A Winter's Tale: 'We were transported to a Christmas past'
Saturday 16 November 2002
Flames from giant bonfires burst into the night air, illuminating the tepee on the edge of the woods and the gently flowing Ottawa river. It is Christmas night in Canada... la belle province de Québec. My husband and I cradle mugs of hot chocolate in gloved hands. Squeals ring out as both young and old, balanced precariously on huge inner-tubes, skim down the icy slopes, faces lit up by bright arc lights flooding the hillside.
Was it only 48 hours since we turned off Highway 148 from Ottawa? Unfolding stiff limbs from the car, we had entered a magical world. We were staying at the Log Château, better known today as the Fairmont Le Château Montebello.
It is a giant six-sided log structure that transports you to a Christmas past. Here, sleigh bells jingle. Cross-country skiers follow paths criss-crossing the woods. Excited dogs strain at harnesses, impatient to set-off, their cargo of heavily muffled figures bouncing along in green and white striped sleds. At the midnight service in the Papineau chapel, jubilant voices soar. Hushed voices continue the refrains as the congregation treks back through the still night air towards the glow of the main hotel buildings where a regional buffet awaits.
From the depths of an overstuffed sofa, my gaze drifts upwards to the high timbered roof of the vast hall. Le Château Montebello began life in 1930 as a private club, the Lucerne-in-Québec Seigniory Club. Three thousand workers, many from Finland, toiled seven days a week in round-the-clock shifts to complete what was hailed as "the largest cedar-log hotel in the world".
The church did not approve of working on the Sabbath – the curé, Monseigneur Chamberland, was promptly dispatched on an all-expenses paid trip to Rome for two months. Three days after opening, a magnificent costume ball was held, attended by the Governor General of Canada and other such luminaries.
Early on Christmas morning, the dress code is less formal. Figures clad in pyjamas and slippers scurry to the breakfast buffet. Accordion music adds to the merrymaking. Mid-afternoon, everyone assembles on the terrace for maple- butter crêpes, hot chocolate and coffee.
A huge cry goes up as sleigh bells are heard. Children dash across the snow as they catch a glimpse of Santa's bright red coat. The reindeer must be having a well-earned rest as the sled is pulled by husky dogs. They speed on, hotly pursued by a gaggle of children.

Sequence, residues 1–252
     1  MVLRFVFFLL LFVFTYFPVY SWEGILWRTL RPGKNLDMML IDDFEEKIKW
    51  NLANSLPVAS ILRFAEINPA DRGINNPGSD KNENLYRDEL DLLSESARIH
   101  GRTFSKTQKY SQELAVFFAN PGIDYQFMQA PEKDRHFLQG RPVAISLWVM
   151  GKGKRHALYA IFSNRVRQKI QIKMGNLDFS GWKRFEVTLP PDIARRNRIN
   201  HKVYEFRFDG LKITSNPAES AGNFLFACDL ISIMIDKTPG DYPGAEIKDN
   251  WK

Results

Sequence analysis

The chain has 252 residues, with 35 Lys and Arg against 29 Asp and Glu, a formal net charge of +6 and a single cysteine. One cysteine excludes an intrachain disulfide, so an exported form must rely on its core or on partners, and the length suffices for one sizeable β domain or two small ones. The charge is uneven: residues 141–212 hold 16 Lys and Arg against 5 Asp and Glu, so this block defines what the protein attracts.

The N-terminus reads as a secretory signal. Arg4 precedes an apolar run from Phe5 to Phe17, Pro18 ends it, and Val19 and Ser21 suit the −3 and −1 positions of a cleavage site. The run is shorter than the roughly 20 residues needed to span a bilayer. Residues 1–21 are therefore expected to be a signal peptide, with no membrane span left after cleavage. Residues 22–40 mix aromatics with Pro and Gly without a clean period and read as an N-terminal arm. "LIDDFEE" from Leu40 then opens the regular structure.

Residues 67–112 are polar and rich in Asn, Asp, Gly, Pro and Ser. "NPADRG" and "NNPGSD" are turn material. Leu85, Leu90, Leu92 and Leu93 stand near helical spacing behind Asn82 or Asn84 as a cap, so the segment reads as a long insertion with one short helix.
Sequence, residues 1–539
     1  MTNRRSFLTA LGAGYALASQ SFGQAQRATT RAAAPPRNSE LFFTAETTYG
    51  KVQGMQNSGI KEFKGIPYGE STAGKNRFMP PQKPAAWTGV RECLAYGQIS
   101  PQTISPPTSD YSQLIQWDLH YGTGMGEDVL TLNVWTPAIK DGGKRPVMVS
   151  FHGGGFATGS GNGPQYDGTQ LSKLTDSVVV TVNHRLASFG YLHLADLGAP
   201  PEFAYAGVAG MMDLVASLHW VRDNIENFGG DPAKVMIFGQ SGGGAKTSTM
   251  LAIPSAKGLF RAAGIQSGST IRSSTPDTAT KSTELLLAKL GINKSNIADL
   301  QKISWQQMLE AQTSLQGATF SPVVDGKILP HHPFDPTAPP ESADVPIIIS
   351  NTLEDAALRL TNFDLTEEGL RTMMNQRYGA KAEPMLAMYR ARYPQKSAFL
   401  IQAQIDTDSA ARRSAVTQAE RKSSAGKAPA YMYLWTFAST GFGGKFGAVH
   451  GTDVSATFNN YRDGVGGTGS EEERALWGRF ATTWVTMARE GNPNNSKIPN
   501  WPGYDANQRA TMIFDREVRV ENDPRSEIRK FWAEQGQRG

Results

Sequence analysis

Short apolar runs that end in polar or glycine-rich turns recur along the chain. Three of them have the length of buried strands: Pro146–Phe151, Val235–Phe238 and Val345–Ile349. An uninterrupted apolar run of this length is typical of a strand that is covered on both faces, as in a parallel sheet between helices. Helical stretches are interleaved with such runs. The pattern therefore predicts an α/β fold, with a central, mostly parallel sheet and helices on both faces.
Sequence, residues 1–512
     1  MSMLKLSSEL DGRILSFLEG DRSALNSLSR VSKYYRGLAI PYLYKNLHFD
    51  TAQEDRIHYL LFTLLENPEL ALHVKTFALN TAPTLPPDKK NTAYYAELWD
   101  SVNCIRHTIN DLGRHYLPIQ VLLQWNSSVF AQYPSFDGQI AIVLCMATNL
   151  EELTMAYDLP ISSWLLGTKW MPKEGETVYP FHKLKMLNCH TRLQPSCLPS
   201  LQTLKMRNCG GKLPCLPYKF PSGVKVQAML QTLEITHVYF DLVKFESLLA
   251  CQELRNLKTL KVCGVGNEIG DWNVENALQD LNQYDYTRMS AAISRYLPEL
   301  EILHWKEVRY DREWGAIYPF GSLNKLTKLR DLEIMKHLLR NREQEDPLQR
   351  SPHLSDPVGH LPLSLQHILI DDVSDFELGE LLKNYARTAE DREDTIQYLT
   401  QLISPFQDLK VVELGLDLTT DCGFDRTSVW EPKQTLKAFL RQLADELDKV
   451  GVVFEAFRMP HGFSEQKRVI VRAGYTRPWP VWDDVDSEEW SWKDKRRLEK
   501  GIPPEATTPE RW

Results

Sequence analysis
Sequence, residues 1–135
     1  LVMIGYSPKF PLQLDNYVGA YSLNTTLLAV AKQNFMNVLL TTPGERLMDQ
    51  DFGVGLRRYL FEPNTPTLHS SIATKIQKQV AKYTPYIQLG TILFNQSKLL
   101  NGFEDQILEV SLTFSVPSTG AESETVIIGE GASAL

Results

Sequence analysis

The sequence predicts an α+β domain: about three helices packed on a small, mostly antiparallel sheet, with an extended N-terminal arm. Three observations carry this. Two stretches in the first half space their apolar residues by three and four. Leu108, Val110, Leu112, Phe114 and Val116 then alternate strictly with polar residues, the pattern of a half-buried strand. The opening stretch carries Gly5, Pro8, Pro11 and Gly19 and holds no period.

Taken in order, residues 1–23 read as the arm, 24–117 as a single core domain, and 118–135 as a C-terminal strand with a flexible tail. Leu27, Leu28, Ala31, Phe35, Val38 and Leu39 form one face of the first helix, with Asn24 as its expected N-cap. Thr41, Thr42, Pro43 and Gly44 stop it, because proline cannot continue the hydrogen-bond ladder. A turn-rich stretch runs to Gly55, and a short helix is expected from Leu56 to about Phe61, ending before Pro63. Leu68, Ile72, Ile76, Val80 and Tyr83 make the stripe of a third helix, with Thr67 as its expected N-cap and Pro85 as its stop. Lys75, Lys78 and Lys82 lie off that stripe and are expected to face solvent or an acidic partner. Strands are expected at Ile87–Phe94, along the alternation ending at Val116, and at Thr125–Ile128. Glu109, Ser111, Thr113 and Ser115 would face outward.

Within minutes, Santa is spotted on the roof, performing a daring balancing act around the massive chimney. He disappears. The excited crowd heads inside to haul an exhausted Santa out of the fireplace. He has a gift for each child.
We slip away for a swim in the indoor pool. It is quiet, bereft now of the soundbites of children splashing and calling to parents to watch their latest accomplishments. The hot tub relaxes muscles aching from inexpert attempts at cross-country skiing, skating and snowshoeing. We have still to try curling and snowmobile-ing. Beyond is the village of Montebello, with antique shops and eateries boasting the friendliness for which the area is known.
Another meal awaits in the Fairmont's rustic and romantic restaurant, Aux Chantignoles. Between courses of squash soup with leek and cumin custard, and halibut with piquant seasoning, we whirl around the dance floor. Children dash off to watch movies with new friends. We sip a late-night digestif by the fire.
All too soon, it is time to take our last walk along the riverbank. Family groups skate on the outdoor rink. The hiss... hiss... of blades mingles with the murmur of the water. The afternoon light slowly fades, from lilac, to mauve, to violet. The lengthening shadows of fir trees darken the sparkling expanse of snow.
Snatches of a poem by Robert Choquette run through my head: "Is there anything finer than a dream lived out all day long under the fir trees and a blue sky? For a moment, the agitation of the city is forgotten".
Getting there: the closest airport is Ottawa (56 miles), though Montreal Dorval (78 miles) has many more flights. Air Canada flies daily from London Heathrow to Ottawa, with fares of around £380 return through discount agents. It competes on the Heathrow-Montreal route with British Airways; discounted fares are around £360 mark for non-stop flights, but connections in Paris (on Air France) or Amsterdam (KLM) are available for £300.
Staying there: the Fairmont Le Château Montebello, 392 rue Notre-Dame, Montebello, Quebec (001 819 423 6341; www.fairmont.com) has three-night Country Christmas packages for C$680 (£273) per adult
And why are 'southern' ways of speaking spreading north?
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